fighting spam and scams on the Internet
"419" Scam – Advance Fee / Fake Lottery Scam
The so-called "419" scam is a type of fraud dominated by criminals from Nigeria and other countries in Africa. Victims of the scam are promised a large amount of money, such as a lottery prize, inheritance, money sitting in some bank account, etc.
Victims never receive this non-existent fortune but are tricked into sending their money to the criminals, who remain anonymous. They hide their real identity and location by using fake names and fake postal addresses as well as communicating via anonymous free email accounts and mobile phones.
Keep in mind that scammers DO NOT use their real names when defrauding people.
The criminals either abuse names of real people or companies or invent names or addresses.
Any real people or companies mentioned below have NO CONNECTION to the scammers!
Read more about such scams here or in our 419 FAQ. Use the Scam-O-Matic to verify suspect emails.
Click here to report a problem with this page.
Some comments by the Scam-O-Matic about the following email:
- This email uses a separate reply address that is different from the sender address. Spammers use this to get replies even when the original spam sending accounts have been shut down. Also, sometimes the sender addresses are legitimate looking but fake and only the reply address is actually an email account controlled by the scammers.
- The following phrases in this message should put you on alert:
- "claims office" (real lotteries do not use a "claim agent" / "fiduciary agent")
- "email@example.com" (this email address has been used in a known scam)
- This email message is a fake lottery scam. Consider the following facts about real lotteries:
- They don't notify winners by email.
- You can't win without first buying a lottery ticket.
- They don't randomly select email addresses to award prizes to.
- They don't use free email accounts (Yahoo, Hotmail, etc) to communicate with you.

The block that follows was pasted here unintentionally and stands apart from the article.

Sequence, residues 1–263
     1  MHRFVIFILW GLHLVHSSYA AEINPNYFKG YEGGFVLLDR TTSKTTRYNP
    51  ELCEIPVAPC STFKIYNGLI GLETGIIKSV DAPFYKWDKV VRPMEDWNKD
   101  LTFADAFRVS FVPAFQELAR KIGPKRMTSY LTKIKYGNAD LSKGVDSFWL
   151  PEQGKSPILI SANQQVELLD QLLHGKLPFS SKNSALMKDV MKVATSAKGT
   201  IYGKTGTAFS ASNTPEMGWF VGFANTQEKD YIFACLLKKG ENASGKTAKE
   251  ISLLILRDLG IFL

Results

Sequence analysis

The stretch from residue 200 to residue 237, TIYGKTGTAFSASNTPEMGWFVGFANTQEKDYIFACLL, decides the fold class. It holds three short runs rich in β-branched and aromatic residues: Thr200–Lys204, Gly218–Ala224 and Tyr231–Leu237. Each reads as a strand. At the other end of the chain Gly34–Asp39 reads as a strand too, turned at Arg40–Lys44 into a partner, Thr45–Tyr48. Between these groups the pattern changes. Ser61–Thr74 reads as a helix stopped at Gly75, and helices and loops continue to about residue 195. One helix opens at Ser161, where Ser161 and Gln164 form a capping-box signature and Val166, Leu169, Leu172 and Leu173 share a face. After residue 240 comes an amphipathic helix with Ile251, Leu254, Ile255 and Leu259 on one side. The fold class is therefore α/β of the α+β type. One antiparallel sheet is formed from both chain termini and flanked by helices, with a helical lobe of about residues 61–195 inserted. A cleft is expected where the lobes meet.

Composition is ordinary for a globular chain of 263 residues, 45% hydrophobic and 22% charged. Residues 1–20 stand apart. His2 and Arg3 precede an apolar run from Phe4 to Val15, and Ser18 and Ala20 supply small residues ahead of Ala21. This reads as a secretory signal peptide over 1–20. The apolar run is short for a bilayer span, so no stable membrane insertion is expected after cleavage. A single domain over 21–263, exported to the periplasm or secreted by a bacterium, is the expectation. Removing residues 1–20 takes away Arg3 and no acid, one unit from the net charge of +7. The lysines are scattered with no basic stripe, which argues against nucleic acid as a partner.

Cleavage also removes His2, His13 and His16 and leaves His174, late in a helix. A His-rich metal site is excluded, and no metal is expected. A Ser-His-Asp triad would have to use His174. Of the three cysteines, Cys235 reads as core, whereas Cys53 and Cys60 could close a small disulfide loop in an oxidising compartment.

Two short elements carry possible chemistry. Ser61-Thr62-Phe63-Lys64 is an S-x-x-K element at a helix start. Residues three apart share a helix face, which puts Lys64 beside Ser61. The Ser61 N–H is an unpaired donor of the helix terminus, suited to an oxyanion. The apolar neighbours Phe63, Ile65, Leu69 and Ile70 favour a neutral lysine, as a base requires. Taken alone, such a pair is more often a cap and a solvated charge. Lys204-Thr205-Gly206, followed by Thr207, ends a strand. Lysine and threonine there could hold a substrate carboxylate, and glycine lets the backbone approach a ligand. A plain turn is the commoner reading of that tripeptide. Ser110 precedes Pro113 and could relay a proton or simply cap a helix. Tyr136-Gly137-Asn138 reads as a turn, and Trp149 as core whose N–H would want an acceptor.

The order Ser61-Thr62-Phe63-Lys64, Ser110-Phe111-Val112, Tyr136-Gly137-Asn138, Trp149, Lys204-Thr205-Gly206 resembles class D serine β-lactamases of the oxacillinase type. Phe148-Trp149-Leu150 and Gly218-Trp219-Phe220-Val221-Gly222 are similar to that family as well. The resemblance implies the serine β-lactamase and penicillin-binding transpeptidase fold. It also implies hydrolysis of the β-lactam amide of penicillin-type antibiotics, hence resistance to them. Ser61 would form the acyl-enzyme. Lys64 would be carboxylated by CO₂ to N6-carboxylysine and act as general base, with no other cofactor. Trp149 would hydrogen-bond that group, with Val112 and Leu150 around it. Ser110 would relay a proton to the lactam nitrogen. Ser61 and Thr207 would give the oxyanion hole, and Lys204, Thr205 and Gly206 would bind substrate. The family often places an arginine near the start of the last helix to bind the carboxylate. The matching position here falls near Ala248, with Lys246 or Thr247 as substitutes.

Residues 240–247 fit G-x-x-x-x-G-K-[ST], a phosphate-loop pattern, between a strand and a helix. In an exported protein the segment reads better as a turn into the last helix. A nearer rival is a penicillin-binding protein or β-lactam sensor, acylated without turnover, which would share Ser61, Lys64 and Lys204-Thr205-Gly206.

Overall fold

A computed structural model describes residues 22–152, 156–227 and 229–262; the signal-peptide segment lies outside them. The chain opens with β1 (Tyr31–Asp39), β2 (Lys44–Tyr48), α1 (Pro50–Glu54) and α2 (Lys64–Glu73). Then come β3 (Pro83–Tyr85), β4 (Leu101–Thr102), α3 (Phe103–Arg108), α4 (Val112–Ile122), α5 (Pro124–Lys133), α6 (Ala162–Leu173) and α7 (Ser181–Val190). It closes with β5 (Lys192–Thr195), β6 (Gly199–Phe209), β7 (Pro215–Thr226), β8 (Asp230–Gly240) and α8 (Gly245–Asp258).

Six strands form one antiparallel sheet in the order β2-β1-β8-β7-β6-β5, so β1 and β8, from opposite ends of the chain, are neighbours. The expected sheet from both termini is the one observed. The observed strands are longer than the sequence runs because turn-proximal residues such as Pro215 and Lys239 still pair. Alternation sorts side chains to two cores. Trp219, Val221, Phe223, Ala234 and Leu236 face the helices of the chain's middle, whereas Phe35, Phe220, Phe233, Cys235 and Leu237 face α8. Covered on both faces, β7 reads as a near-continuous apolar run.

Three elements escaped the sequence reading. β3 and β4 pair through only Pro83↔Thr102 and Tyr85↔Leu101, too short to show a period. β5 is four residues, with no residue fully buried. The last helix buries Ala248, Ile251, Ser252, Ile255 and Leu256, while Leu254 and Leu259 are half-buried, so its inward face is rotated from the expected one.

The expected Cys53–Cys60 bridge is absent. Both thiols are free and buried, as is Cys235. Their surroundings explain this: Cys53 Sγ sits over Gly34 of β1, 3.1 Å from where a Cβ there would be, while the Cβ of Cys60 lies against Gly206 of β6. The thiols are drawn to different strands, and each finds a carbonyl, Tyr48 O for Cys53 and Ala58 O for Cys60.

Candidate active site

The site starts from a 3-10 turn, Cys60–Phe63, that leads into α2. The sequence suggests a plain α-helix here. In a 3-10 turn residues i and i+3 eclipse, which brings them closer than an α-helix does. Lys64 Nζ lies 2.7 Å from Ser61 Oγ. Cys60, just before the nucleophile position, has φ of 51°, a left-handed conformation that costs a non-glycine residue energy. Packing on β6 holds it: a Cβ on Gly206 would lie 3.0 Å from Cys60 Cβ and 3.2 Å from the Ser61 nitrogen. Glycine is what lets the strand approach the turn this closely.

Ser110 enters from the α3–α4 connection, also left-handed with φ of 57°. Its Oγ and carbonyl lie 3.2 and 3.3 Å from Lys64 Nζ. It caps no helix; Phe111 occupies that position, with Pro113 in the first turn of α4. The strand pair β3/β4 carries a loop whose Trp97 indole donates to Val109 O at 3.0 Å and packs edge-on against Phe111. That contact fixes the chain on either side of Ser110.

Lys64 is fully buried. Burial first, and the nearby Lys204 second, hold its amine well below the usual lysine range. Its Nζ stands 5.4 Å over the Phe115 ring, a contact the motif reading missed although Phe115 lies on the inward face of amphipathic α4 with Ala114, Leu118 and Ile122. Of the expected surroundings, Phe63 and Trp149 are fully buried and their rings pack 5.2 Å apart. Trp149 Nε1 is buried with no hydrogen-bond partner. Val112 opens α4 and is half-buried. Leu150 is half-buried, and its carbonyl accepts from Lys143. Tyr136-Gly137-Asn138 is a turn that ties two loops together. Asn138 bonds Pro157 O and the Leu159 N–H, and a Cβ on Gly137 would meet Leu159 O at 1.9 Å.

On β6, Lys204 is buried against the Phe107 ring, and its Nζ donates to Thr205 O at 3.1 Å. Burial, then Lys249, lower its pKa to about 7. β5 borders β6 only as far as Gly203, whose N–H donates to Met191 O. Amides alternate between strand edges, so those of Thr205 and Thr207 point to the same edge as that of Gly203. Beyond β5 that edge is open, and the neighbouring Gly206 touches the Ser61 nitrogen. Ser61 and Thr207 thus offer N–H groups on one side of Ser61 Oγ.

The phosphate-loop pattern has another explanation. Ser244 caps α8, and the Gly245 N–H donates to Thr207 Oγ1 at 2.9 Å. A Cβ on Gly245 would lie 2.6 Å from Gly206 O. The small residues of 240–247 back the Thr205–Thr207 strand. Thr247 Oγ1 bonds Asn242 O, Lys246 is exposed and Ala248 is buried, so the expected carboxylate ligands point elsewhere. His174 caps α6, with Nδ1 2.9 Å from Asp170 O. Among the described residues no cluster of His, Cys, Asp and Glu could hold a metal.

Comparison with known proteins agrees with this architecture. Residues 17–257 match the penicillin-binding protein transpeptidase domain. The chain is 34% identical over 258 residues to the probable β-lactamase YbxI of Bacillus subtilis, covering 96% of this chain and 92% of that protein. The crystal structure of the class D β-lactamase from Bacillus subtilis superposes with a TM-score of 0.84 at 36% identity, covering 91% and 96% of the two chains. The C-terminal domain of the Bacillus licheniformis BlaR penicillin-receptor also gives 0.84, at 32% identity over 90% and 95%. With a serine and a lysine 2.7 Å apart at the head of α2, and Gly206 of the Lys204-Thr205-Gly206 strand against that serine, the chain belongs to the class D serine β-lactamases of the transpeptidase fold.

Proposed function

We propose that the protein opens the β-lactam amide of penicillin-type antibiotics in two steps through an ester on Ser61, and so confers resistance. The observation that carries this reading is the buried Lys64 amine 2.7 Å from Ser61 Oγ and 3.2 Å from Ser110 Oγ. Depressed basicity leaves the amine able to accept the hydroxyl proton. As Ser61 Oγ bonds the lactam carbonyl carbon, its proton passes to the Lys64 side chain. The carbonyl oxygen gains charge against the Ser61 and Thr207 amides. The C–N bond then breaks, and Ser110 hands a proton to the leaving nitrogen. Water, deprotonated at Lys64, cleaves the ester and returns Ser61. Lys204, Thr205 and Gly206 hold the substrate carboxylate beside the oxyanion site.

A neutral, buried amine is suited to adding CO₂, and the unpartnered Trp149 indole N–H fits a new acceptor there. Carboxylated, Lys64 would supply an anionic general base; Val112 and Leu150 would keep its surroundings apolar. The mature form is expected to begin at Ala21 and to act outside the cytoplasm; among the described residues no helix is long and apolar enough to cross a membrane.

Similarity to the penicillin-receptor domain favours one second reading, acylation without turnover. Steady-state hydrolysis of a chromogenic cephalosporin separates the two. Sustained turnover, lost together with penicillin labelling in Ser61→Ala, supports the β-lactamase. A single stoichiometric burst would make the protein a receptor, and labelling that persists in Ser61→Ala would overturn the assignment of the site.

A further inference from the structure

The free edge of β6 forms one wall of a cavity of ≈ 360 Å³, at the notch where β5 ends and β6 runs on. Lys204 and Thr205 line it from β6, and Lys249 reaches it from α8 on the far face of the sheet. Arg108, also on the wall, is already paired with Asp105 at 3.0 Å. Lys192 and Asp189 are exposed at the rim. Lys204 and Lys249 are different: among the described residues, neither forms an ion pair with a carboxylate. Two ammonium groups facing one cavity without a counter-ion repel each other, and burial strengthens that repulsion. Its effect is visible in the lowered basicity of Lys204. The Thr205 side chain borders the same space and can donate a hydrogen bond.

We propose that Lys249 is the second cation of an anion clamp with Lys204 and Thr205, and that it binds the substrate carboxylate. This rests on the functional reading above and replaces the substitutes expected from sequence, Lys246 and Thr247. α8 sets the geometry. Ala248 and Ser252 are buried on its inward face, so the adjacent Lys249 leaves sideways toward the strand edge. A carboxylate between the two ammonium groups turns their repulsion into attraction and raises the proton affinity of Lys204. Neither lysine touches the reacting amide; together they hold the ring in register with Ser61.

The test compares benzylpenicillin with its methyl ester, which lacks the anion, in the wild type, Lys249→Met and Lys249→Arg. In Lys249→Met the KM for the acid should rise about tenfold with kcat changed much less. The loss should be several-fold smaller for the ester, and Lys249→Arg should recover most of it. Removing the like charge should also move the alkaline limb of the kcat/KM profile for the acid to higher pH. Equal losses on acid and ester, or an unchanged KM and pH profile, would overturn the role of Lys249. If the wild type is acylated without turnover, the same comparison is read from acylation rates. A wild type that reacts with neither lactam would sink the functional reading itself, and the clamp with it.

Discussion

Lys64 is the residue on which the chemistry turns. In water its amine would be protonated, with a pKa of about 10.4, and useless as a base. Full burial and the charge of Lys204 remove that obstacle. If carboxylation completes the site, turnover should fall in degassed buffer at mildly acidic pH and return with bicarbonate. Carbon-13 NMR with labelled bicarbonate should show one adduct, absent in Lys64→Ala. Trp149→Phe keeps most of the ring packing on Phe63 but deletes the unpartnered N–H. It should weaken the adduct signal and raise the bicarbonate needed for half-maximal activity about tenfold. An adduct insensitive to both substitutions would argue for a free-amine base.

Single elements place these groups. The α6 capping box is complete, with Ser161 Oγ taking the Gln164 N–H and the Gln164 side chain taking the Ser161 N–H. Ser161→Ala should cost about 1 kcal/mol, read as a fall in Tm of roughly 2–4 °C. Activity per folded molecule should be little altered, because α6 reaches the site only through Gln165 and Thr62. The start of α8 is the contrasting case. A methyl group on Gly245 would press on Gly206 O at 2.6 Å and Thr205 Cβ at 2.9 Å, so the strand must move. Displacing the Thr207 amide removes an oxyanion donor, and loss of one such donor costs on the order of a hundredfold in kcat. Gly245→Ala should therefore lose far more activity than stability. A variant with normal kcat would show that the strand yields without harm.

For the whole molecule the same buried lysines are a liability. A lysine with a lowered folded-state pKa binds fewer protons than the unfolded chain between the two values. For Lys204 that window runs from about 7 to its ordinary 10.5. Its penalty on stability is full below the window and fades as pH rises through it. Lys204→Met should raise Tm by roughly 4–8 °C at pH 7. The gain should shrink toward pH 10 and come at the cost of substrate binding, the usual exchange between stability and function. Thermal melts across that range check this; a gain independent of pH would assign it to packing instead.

- They don't tell you to call a mobile phone number.
- They don't tell you to keep your winnings secret.
- They will never ask a winner to pay any fees to receive a prize!
Fraud email example:
From: "Euro Millions Lottery" (may be fake)
Date: Fri, 31 Jan 2020 02:25:26 -0800
Subject: Congratulation: You're a winner!
UK Regional Office
Acorns Oakwood Park Business Centre
Fountains Road Bishop Thornton, Harrogate
HG3 3BF, UK.
Reference to the 1,282nd Euro-Millions draw that took place on Friday 3rd January 2020 at 21:00 CEST (20:00 BST) through the Euro-Millions draw system were your E-mail address emerged among lucky winners with the drawn winning numbers:
Lucky numbers 5-15-20-36-47- Star Number 8-12
Millionaire Maker: HDZH28977
serial number MZNS47038
Prize credited to file EURO/86169/2020
An official letter was sent to your address. Your email address has been awarded the sum of £2,597,070.10 GB Pounds.
Confirm receipt of this notification by contacting your claims officer Mr. Kennith William on firstname.lastname@example.org for more details.
visit the link https://www.euro-millions.com/results/03-01-2020 to view your winning details as published on the Euro-Millions site.
Euro-Millions prizes must be claimed within 90 days of the draw date. This is a confidential mail sent to ONLY winners of this draws.
If you have any questions, please contact our customer support.
The content of this email is confidential and intended only for the recipient(s) to which it has been addressed. It is for the exclusive use of the intended recipient(s). If you are not the intended recipient(s),please note that any form of distribution, copying or use of this communication, or the information within, is strictly prohibited and maybe unlawful. Equally, you must not disclose all, or part, of its contents to any other person. If you have received this communication in error,please delete it from your system.